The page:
Q&A with Kopia’s Dr Kim Yong Hwan
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Dr Kim Yong Hwan is the director of the Korea Programme on International Agriculture (Kopia), a project that has enabled the development of Cambodia’s first hybrid silkworm and maize varieties. Khmer Times’ Sok Chan sits down with him to discuss the programme’s milestones in the Kingdom since it was set up in 2010, as well as their plans for the future.
KT: Can you tell me more about Kopia, and its role in supporting the development of Cambodia’s agriculture sector?
Dr Kim: Kopia set up a branch in Cambodia in 2010. We are implementing various agricultural technology projects for cooperatives with the help of partner institutions. The goal is to develop customised agricultural technology in each partner country. We are also focusing on the human capital and capacity building. For example, we have sent more than 150 Cambodian farmers to Korea for agriculture training, and in September we are going to send 10 more.
KT: What have been your most notable achievements in the Kingdom?
Dr Kim: We have a close relationship with the Cambodian government, especially with the Ministry of Agriculture, Forestry and Fisheries. As far as concrete results, I can tell you that we have published a guide for chicken farming and another one on pests and beneficial insects that inhabit cruciferous vegetables.
We have successfully assisted Cambodia in releasing a new hybrid silkworm and a new hybrid corn variety, which I believe will usher in a new era for Cambodian farmers. As you know, currently most corn varieties are imported from Thailand and Vietnam, so it is important to reduce the country’s reliance on imports by creating our own varieties.
KT: Could you tell us more about the new agricultural hybrids?
Dr Kim: The project to create a local maize variety was started in 2014 as a cooperation between Kopia and the General Directorate of Agriculture. The result was a hybrid corn variety known as ‘BNT-5666.’ This variety yields 8.9 tonnes per hectare, which makes it 3.4 percent more productive than Thailand’s Pacific-999 and 62 percent more than Vietnam’s LVN-10. In addition, it is resistant to downy mildew disease.
Simultaneously, Kopia and GDA have worked together to breed a new hybrid variety of silkworm. The main purpose of the project is to boost the quality of cocoons by crossing Gumokjam, a Korean high yielding variety, with Golden Silk, which is a local variety with lower yields. The resulting silkworm, named ‘CK1.7.4,’ was able to yield 11.8 kilograms of white cocoon per each 10,000 silkworms, and thrives in the Cambodian climate.
KT: What have been other major achievements for your organisation in the last eight years in the Kingdom?
Dr Kim: We are also working on developing the production technology for potatoes, because this plant has never been grown in Cambodia. All the potatoes here are imported from overseas. As far as I’m concerned, more than 5,000 tonnes of potatoes are imported from overseas every year, mainly from Vietnam and China, but sometimes also from Australia and Japan.
We therefore would really like to develop the technology in Cambodia. We initiated a pilot programme in Pursat, Battambang and Mondulkiri provinces. The Royal University of Agriculture is developing the technology with farmers in Mondulkiri, and we are supporting them by training professors in Korea and by bringing Korean experts to the country.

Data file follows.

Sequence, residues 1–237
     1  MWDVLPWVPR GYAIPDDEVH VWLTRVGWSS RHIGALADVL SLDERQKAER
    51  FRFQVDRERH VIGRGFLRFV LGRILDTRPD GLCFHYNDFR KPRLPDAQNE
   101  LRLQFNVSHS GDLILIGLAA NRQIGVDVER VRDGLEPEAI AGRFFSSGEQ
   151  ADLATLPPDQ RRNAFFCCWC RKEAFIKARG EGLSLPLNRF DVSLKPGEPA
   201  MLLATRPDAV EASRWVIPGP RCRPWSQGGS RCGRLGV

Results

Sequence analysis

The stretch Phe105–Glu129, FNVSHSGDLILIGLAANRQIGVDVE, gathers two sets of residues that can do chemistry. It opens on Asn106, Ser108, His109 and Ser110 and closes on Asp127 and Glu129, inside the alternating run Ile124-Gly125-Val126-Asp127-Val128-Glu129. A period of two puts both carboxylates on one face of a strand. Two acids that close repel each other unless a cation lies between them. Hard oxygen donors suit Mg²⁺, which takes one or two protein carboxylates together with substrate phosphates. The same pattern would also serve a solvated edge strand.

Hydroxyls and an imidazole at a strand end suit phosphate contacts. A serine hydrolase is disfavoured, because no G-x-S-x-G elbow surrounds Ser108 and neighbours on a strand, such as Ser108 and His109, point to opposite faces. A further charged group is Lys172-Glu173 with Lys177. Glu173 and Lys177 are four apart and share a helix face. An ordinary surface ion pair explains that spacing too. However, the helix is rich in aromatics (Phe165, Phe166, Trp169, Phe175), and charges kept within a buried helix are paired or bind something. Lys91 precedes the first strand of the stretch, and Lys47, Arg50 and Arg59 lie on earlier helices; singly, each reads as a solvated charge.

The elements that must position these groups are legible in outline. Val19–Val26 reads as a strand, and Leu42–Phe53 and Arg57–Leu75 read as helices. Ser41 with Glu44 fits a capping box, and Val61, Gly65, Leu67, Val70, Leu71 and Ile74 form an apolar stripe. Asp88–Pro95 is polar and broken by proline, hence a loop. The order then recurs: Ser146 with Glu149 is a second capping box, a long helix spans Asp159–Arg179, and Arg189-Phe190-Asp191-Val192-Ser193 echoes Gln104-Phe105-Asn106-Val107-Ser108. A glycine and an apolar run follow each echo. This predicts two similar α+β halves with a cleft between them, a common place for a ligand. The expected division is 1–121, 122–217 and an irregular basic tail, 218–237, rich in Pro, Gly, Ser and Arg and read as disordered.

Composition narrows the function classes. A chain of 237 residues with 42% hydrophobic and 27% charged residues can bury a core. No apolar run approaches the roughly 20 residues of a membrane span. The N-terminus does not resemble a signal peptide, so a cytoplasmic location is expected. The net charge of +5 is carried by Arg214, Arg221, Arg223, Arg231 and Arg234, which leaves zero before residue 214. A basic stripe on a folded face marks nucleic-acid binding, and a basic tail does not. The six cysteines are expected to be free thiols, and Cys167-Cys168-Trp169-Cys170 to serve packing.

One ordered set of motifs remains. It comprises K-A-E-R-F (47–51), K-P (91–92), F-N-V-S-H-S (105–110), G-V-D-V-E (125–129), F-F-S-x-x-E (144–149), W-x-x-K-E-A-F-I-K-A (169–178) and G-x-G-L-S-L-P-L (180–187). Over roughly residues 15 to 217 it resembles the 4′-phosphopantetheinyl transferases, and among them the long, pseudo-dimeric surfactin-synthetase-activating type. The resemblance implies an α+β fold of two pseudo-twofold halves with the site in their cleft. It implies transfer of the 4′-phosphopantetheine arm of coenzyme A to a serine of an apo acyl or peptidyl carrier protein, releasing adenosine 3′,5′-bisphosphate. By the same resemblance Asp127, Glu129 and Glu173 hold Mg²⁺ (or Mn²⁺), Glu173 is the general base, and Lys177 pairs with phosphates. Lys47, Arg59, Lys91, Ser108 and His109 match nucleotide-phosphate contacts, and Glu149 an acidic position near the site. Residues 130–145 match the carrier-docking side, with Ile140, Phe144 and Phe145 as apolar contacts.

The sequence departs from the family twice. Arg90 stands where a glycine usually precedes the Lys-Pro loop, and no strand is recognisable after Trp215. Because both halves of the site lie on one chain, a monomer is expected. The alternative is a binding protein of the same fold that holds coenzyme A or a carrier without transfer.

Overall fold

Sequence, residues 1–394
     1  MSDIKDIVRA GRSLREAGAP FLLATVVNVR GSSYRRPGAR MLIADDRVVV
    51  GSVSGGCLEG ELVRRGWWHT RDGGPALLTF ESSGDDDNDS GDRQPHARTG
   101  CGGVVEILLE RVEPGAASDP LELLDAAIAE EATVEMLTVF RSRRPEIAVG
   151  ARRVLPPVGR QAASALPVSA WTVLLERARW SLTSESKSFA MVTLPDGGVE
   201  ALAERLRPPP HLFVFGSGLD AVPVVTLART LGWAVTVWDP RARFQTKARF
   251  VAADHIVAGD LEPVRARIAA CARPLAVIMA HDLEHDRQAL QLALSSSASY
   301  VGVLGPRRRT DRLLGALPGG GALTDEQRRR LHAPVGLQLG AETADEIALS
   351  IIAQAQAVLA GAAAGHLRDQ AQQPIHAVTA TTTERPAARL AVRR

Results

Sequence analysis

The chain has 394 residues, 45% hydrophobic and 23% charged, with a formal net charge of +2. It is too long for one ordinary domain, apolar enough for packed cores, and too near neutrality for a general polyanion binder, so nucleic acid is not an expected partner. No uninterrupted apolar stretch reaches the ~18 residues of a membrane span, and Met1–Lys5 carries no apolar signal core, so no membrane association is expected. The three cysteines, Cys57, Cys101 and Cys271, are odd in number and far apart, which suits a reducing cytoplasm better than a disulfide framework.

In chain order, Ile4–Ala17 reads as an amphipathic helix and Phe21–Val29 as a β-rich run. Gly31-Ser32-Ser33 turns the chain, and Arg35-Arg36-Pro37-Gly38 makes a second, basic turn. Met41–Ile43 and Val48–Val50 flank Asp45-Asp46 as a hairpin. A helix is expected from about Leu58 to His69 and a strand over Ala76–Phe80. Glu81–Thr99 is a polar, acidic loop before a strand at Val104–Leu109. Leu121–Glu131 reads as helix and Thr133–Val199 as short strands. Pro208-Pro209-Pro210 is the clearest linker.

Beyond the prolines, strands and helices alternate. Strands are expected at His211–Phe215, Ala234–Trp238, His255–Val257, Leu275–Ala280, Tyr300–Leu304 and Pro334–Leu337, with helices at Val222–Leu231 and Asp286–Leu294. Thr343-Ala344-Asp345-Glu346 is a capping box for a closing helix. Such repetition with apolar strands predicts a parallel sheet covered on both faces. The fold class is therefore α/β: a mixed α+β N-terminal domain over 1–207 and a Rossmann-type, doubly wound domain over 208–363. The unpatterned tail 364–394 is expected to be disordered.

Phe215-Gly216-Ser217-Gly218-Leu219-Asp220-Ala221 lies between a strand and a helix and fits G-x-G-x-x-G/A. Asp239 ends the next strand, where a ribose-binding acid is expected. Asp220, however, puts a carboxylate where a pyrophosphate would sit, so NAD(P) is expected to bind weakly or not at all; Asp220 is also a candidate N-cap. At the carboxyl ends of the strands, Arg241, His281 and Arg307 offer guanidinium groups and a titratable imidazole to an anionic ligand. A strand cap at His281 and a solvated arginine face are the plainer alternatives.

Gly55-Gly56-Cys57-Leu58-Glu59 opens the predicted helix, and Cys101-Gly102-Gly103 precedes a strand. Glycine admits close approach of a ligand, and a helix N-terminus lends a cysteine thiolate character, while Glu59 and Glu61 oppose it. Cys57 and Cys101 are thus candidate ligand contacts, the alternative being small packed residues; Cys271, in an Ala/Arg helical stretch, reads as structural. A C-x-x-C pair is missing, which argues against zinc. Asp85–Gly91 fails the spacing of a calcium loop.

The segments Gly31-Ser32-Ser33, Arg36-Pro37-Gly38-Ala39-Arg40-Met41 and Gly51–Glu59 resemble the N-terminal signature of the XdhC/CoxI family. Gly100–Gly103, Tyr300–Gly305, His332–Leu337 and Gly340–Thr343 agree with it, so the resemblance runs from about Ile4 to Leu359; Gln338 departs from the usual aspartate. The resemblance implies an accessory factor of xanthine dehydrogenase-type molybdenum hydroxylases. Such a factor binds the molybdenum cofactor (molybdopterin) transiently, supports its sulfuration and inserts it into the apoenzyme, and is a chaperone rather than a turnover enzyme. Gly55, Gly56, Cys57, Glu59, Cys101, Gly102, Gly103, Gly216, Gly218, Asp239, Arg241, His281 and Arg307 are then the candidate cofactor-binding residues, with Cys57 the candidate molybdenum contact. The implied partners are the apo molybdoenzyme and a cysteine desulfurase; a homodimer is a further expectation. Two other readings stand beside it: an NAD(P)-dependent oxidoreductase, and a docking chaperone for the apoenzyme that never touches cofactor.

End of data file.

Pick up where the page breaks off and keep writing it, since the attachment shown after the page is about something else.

We also developed a more efficient chicken farming technology and helped Cambodian farmers adopt it. The project has been running for over three years, and we have helped increased local farmers’ incomes. For the next two years, we will focus on supporting those farmers involved in the programme.
KT: How much money has Kopia invested to aid the government’s agricultural projects?
Dr Kim: Last year, it was more than $700,000. However, most projects will finish this year, so I am now designing new projects that will be eventually submitted to the Rural Development Administration of Korea for approval.
For these new projects, I am working in close cooperation with government officials and researchers. A priority area will be investing in technology that can raise farmers’ incomes and improve crops. As you may know, after rice is harvested, most fields are left idle, without any crops planted. We would like to develop a mechanism to solve this issue, which entails figuring out the right crops for local soil and climate conditions. I am now on talks with the Cambodian Agricultural Research and Development Institute (Cardi) to use mung beans for this project.
Next year, we would also like to help GDA register the new hybrid corn variety. Before this happens, however, we will need to test some more the new variety, including its adoptability to the Cambodian environment. We would like to support these tests.
KT: How will the local agriculture sector develop in years to come? What are the challenges and opportunities?
Dr Kim: First of all, Cambodia has great access to all sorts of advanced technology from around the world due to its great location in the heart of Asean. This will prove invaluable as Cambodians build the infrastructure they need to sustain the sector.
To continue on the path of rapid development, Cambodia needs very strong leadership. As other sectors, particularly industry and services, expand, growth in more traditional industries like agriculture will slow down, and we need to prepare for this. We need to acquire the technology that will help us overcome difficulties and boost the sector. We need to build the skills of the young generations that will join the labour market in the near future, as well as those of the leaders and government officials that are drafting the strategies that will guide the development of the sector. To do all this right, we need to look in the direction of more developed economies like Korea.